Google has terminated its contracts with Australian developer Lendlease for four major Bay Area development projects.
According to a Nov. 2 CNBC report, the canceled deals include plans for new Google campuses in downtown San Jose, Mountain View, and Sunnyvale. Google and Lendlease had partnered over the past four years on ambitious development plans totaling $15 billion across the four sites.
However, Google decided to end the partnership amid a broader effort to optimize its real estate footprint and cut costs, according to a Google spokesperson.
“As we’ve shared before, we’ve been optimizing our real estate investments in the Bay Area, and part of that work is looking at a variety of options to move our development projects forward and deliver on our housing commitment,” said Alexa Arena, a senior director of development at Google. Lendlease said Google concluded the projects were “no longer mutually beneficial” after a comprehensive review.
The dissolution of the deals casts doubt over Google’s extensive development plans across the Bay Area.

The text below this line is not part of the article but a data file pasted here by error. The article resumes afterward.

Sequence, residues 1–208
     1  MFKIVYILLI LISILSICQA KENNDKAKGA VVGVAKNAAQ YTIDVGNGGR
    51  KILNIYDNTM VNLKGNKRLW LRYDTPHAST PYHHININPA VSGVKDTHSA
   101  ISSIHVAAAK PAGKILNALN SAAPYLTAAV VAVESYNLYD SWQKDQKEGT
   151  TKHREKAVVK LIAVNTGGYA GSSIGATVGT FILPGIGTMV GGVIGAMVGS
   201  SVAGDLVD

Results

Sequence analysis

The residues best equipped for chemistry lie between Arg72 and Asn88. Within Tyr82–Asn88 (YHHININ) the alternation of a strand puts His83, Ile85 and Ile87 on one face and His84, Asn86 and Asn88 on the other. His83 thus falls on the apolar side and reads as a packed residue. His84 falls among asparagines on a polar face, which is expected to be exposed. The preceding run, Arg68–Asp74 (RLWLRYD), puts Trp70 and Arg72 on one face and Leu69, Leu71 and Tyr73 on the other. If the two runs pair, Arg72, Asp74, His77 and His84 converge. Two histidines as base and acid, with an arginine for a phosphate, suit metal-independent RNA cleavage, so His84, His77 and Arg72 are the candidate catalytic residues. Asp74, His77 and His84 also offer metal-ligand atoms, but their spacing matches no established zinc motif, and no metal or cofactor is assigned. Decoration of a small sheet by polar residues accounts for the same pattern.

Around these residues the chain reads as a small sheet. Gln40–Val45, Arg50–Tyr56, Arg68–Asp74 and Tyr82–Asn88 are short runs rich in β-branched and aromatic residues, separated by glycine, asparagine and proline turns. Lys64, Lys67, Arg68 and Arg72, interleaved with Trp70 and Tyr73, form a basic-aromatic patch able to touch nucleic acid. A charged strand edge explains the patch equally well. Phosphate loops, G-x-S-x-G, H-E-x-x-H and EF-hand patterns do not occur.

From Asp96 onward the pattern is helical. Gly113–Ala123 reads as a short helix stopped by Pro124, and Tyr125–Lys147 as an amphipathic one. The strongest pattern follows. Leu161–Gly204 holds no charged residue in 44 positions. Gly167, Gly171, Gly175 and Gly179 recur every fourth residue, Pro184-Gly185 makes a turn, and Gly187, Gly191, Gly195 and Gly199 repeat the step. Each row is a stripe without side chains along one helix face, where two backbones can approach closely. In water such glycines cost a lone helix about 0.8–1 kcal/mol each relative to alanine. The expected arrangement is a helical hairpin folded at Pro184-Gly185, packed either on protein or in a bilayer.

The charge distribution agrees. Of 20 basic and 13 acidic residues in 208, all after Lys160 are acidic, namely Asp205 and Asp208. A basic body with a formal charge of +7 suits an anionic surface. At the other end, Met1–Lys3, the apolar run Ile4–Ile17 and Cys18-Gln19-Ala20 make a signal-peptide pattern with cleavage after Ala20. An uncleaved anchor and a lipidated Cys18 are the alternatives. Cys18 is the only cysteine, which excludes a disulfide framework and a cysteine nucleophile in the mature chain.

The tech giant had planned to build thousands of residential units, including affordable housing, as well as new office space and public parks.
In San Jose, Google’s 80-acre Downtown West project was expected to transform the city’s downtown with up to 7.3 million square feet of office space, 4,000 homes, 15 acres of parks and trails, and 500,000 square feet of retail, cultural, and arts space.
But construction has yet to begin on Downtown West. Sources told CNBC that Google recently laid off much of the development team working on the project.
San Jose Mayor Matt Mahan remained optimistic about Downtown West. “It simply gives them the flexibility needed to get the best possible developers on the project to build 4,000 new homes in our thriving downtown,” Mahan said in a statement.
To advance its San Jose plans, Google had offered community benefits worth up to $200 million. However, most of those funds were tied to the development of office space. With the Lendlease deal dead, it’s unclear if or when those benefits will materialize.
Thursday’s announcement is the latest sign of Google downsizing its real estate footprint and overall workforce amid economic uncertainty. Earlier this year, the tech giant said it would lay off 12,000 employees worldwide, about 6% of its workforce.
Alphabet, Google’s parent company, is aiming to rein in costs and streamline operations after rapid hiring before and during the pandemic resulted in outpaced revenue growth. While sales have rebounded, Alphabet has continued making small cuts across its global workforce.
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